Posts Tagged ‘Bronx neighborhoods’

Faded phone exchange signs on dingy tenements

March 18, 2013

Lots of old tenements have them—metal signs advertising the name of the electrician or roofer or plumber who helped maintain the building.

Bronxsignfordhamroad

These two were spotted in low-income Bronx neighborhoods. The sign above comes from a tenement near the Fordham Road D train stop. The ME is for the Melrose neighborhood in the South Bronx.

Bronxphonesignmelrose

WY for Wyandotte on this sign, found near Third Avenue in Melrose. It’s also a Bronx exchange—but why Wyandotte, which connotes the Native American tribe Wyandot, who live in Canada?

The only reference I could find comes from a 1975 New York Times article bemoaning the disappearance of the more poetic and descriptive phone exchange names:

“ALgonquin was nice, too, suggesting Indians, as did LAckawanna and WYandotte,” writes John Corry. “WYandotte seemed to be used almost exclusively by the Irish who lived around Yankee Stadium in the Bronx. Those Irish are vanishing; so is WYandotte.”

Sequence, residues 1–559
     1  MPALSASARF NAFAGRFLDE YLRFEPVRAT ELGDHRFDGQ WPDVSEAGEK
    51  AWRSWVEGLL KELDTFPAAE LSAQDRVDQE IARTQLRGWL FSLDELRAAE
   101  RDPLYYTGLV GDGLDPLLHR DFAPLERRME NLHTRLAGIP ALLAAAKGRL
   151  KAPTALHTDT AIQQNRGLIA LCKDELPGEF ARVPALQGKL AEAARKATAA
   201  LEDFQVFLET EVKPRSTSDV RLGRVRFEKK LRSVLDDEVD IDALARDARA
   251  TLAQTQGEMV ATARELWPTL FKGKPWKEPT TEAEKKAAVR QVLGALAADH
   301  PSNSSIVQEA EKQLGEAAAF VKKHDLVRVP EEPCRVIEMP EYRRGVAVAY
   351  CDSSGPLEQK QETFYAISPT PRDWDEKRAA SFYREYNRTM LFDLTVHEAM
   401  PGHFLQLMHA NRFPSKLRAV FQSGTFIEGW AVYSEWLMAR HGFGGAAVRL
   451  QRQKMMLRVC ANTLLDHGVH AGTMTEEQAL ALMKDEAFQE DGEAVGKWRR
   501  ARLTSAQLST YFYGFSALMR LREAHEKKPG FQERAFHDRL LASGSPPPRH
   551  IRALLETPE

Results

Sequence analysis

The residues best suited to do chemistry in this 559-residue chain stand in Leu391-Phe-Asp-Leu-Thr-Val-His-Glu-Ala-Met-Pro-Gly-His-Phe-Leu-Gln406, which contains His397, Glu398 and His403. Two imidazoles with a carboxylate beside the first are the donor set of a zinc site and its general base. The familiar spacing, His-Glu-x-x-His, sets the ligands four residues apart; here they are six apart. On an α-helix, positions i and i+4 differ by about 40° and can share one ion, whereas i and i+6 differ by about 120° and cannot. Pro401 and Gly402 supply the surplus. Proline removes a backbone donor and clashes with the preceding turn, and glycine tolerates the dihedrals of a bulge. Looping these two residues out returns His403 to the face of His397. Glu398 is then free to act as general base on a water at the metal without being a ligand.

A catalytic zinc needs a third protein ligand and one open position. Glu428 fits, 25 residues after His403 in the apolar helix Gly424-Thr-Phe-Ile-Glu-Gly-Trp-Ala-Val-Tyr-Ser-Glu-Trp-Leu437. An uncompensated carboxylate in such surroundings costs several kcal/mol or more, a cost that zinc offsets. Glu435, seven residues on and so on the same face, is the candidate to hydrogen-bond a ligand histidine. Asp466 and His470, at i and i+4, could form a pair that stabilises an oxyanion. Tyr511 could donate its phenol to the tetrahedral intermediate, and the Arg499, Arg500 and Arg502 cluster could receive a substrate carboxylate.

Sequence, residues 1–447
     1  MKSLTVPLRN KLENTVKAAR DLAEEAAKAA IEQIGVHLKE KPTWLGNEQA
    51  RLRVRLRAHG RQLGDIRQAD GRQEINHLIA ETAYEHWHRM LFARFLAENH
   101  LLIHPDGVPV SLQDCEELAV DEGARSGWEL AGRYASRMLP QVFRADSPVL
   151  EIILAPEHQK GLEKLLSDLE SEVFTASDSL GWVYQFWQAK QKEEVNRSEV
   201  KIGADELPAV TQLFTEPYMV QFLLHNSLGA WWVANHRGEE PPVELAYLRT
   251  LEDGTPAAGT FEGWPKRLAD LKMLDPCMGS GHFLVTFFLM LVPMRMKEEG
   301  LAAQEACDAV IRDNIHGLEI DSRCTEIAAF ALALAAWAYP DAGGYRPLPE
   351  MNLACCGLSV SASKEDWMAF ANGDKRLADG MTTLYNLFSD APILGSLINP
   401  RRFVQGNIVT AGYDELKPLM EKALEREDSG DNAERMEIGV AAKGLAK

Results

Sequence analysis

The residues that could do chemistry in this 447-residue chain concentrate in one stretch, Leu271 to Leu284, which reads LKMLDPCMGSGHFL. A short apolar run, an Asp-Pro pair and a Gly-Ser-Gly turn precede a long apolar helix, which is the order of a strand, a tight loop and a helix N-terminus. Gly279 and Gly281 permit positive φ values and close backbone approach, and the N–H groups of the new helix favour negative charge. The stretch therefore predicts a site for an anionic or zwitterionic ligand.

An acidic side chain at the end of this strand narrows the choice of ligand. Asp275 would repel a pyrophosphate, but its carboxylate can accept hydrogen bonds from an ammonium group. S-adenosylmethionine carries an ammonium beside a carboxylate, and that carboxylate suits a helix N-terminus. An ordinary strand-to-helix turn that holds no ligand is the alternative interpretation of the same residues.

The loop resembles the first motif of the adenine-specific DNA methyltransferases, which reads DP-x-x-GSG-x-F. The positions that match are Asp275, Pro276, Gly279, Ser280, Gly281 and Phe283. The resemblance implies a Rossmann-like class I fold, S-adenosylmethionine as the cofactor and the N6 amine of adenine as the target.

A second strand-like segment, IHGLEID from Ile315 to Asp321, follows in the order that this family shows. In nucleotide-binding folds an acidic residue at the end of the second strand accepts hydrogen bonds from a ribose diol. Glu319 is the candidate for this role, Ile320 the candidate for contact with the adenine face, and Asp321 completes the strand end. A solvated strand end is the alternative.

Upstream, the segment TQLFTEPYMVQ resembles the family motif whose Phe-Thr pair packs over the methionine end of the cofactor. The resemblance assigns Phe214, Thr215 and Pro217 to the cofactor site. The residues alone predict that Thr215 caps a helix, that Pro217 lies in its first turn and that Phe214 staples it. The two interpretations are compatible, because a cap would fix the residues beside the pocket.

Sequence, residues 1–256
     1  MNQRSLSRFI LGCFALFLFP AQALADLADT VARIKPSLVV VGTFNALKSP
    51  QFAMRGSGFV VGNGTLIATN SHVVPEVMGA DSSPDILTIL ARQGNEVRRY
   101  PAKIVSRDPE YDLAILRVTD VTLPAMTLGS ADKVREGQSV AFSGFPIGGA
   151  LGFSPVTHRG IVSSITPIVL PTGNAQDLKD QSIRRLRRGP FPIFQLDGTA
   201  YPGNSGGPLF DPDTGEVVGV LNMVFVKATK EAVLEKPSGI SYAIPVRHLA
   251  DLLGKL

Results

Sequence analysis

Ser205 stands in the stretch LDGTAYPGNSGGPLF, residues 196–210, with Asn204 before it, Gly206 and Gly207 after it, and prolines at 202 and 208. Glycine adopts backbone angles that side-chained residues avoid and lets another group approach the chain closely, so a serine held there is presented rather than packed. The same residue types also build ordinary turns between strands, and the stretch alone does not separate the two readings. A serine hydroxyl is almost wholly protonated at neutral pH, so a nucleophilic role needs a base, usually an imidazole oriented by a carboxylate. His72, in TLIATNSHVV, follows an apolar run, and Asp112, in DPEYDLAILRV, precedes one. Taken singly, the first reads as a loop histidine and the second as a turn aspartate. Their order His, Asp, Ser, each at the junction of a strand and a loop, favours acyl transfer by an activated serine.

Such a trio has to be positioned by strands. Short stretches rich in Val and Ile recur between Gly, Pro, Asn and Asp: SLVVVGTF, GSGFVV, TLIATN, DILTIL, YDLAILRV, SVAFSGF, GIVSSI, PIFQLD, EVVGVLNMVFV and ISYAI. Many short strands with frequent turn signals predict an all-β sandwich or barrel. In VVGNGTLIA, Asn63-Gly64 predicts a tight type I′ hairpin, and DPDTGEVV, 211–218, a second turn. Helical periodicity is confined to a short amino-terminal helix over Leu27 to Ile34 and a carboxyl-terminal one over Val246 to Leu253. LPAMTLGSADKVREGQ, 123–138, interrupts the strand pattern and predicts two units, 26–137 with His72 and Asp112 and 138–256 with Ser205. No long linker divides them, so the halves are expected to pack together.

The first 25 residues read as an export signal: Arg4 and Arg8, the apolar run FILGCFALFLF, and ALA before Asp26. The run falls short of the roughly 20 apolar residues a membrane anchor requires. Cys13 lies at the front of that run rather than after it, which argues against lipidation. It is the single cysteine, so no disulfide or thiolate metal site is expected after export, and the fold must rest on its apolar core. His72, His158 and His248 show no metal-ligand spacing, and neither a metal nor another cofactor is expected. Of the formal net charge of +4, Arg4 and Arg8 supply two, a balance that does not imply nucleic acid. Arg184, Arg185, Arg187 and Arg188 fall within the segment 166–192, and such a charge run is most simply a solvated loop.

Where exactly Is Marble Hill?

February 11, 2010

Geographically, this little neighborhood—which supplied the city with prime Inwood marble used to construct many landmark buildings—is connected to mainland United States.

You’d think it was in the Bronx. But it’s officially part of Manhattan.

This map weirdness happened when the city enlarged the Harlem River ship channel in 1895. That turned Marble Hill—then at the northernmost tip of Manhattan, separated from the Bronx by Spuyten Duyvil Creek—into an island, with the Harlem River on its north and the creek to the south.

[A 1916 NYPL map of Upper Manhattan; Marble Hill a bump at the top]

In 1914, the creek was filled in, cleaving Marble Hill to the Bronx, though it was declared Manhattan territory in 1897.

Over the years, which borough it belonged to was brought into question. In 1939, the Bronx borough president planted a Bronx flag at Marble Hill and demanded that all residents submit to Bronx rule—a really bad joke met with resounding boos by dozens of Marble Hill residents.

In 1984, it was settled: the neighborhood is in Manhattan—albeit with a 718 area code, a Bronx zip code, and kind of a split identity.